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30 Rock: "Future Husband"

Illustration for article titled 30 Rock: "Future Husband"
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Hey there, 30 Rocketeers!  Nathan Rabin is out doing what Nathan Rabin does, so I'm once again on deck for tonight's episode.  When I don't like an episode of 30 Rock, I get yelled at by those of you who still believe in the great A.V. Club Betrayal; when I like it, I get yelled at by those of you who have decided, without even the benefit of all the NBC bribe money that we get, that the show sucks.  Who will I get yelled at by tonight?  Well, the rating oughtta tip it off.  Sorry, folks.

The main plot tonight involves Liz discovering, after getting doped up during oral surgery, that she's programmed someone into her phone as "Future Husband".  Having no recollection of how it happened, she attempts to pry information out of her dentist, but very Lizfully, she manages to insult him and talk herself out of a swimming Batman toy.  After conniving a la Three's Company with Kenneth, Liz finally manages to track down the mystery man, a British fellow with whom she decidedly fails to hit it off.

In the side story, we get what could be a promising plot about NBC's sale to a cable giant.  I've wondered for a while how the show would deal with the Comcast sale; in the Scheinhardt Wig alternate universe, it's in the guise of KableTown.  At first, Jack refuses to believe it, but it soon becomes obvious, with the aid of Avery Jessup — who doesn't have much to do here, and thus isn't nearly as funny and effective as she was in her first appearance — that he's out of the loop.  There's a funny scene with Jack Welch (where it's revealed as an aside that Don Geiss has died; this show can't afford to so casually lose a comedic asset like Rip Torn, even if he does end up doing time), but when you get more laughs out of a real-life septuagenarian billionaire than you do your regular cast, your show has taken a wrong turn.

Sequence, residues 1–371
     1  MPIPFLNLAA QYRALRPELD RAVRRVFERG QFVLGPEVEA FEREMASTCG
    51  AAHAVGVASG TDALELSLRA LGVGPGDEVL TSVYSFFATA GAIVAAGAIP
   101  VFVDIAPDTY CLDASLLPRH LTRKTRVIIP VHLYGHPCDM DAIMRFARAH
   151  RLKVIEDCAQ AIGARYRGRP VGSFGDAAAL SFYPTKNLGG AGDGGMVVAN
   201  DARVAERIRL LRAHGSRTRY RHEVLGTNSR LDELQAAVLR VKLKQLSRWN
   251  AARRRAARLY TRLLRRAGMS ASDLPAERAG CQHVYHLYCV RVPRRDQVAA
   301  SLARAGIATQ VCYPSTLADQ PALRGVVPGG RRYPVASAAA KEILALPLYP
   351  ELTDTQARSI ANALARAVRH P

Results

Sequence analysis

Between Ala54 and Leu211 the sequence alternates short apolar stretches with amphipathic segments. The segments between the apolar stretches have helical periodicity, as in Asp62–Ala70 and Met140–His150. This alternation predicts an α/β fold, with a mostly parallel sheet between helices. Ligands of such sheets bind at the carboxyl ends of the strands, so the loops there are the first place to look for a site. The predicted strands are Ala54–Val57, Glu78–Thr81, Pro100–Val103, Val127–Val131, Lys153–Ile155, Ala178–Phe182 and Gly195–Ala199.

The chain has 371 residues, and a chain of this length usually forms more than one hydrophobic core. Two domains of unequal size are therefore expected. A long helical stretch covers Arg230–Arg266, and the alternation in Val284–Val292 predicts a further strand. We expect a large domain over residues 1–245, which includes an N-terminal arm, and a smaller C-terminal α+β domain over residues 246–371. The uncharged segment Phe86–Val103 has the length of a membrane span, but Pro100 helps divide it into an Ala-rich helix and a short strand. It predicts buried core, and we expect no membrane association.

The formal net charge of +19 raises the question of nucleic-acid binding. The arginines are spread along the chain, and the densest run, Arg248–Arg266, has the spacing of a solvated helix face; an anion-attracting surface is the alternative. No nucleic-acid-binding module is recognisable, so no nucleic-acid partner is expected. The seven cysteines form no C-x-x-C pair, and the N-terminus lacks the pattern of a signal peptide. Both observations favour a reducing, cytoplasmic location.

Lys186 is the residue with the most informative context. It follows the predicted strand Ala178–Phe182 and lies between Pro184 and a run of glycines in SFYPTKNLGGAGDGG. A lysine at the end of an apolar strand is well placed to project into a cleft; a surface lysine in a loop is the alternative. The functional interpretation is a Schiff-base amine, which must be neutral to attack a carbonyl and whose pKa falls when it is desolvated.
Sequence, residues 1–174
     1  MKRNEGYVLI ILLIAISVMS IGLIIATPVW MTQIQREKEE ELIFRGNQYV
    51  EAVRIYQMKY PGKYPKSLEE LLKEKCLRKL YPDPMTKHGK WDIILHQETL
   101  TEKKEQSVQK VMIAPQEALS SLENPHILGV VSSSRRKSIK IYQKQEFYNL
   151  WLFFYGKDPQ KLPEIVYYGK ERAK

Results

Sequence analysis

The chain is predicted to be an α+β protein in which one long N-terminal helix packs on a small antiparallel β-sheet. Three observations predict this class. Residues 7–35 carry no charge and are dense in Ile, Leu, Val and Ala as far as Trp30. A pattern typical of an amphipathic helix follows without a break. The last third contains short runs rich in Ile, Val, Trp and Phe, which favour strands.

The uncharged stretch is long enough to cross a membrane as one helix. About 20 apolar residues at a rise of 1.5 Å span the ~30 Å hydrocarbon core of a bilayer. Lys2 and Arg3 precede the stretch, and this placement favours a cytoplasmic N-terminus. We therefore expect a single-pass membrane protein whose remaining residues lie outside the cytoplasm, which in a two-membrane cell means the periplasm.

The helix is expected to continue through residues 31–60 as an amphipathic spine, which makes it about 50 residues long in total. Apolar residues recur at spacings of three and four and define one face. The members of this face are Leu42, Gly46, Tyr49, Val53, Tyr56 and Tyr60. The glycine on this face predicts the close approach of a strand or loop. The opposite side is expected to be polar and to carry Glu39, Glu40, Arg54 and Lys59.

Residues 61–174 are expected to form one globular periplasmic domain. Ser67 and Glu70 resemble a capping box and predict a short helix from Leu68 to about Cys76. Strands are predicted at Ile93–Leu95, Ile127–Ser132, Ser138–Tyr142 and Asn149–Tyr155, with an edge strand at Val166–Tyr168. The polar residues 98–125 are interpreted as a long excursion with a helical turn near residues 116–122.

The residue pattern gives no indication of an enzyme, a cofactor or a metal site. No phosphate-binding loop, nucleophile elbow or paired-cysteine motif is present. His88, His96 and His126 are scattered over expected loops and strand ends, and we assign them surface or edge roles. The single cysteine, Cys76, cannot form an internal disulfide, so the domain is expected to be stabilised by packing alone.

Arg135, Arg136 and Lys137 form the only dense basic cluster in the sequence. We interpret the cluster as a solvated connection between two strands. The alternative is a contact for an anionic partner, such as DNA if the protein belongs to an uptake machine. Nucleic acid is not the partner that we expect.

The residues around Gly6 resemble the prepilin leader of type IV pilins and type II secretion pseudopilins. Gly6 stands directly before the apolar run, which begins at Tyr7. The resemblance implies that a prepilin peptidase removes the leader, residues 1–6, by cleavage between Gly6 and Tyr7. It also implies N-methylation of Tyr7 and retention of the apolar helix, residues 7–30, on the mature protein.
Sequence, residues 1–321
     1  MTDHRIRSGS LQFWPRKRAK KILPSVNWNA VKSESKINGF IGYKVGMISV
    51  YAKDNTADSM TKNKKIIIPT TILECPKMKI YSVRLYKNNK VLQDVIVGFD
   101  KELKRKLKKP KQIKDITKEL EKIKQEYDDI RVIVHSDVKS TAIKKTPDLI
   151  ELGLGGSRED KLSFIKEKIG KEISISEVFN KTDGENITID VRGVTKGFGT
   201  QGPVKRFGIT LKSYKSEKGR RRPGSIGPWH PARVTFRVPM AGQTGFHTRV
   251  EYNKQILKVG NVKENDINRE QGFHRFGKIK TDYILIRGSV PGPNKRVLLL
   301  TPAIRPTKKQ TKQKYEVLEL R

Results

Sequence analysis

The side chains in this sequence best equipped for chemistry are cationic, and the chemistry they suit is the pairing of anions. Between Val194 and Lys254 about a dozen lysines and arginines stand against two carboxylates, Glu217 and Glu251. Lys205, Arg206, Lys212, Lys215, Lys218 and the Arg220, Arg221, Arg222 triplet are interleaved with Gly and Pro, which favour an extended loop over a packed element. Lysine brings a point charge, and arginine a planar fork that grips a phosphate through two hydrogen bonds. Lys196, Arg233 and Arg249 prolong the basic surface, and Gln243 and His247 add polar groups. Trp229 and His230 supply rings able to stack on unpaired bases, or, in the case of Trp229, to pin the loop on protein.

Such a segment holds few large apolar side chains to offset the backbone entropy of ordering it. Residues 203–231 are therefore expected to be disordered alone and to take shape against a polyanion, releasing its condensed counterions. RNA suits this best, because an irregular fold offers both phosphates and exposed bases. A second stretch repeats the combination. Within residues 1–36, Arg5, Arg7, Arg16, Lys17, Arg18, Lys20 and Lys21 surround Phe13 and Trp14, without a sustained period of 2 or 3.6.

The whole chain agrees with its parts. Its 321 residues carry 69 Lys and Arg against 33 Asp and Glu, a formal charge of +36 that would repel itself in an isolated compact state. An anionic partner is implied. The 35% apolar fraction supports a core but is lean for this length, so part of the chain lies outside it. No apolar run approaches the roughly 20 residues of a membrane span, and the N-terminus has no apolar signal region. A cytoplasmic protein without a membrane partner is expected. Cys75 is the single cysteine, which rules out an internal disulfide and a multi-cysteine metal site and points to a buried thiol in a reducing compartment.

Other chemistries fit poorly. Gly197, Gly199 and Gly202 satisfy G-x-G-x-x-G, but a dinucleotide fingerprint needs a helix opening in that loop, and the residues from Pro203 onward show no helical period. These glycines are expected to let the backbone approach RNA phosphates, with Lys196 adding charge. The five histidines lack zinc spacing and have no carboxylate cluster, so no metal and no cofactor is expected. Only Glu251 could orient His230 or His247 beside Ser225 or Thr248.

Meanwhile, Tracy — still seeking his EGOT — decides to do a one-man show.  At first, it's a smash hit (or, rather, a Claps-Giving Yay Har-ade), but Jenna informs him that to qualify for a Tony, you have to do the same show eight times, a major challenge to the deeply improvisational Tracy "Pac-Man, I'm Jewish" Jordan.  This is the shortest and best of the plots, and even manages to get a laugh out of that old "I'd watch him reading the phone book" chestnut.

Unfortunately, the rest of the show is more or less a dud.  There's too few laughs, too much padding, a subplot with Kenneth losing his wallet and doing donkey impressions that's so broad that it's downright stupid, and what's with all the reaction shots of Kenneth smiling broadly while Jenna and Tracy act wacky?  If it was meant to be ironic, it failed, and if it was wasn't, it was straight-up old-school playing for time in an episode with not enough good material.  This may have been the laziest episode of the season with weak outings from two of the three main characters and zero contributions from the supporting cast, and for me, 30 Rock has become the weakest link of an otherwise strong Thursday night NBC lineup — something that would have seemed unthinkable in 2008.

Rating:  C-

Stray Observations:

- Man, 30 Rock, way to blatantly rip off The Simpsons.

- Adorable cupcake jammies aside, I agree with Liz Lemon:  Nicole Kidman should get an Oscar for that waffle.


- "It's so romantic!  Just like that movie I only saw the first ten minutes of, Fatal Attraction!"

- "It's a 24-hour news cycle, Jack.  We don't have time to do it right anymore."

- "Do they give an award for tarantula misplacement?"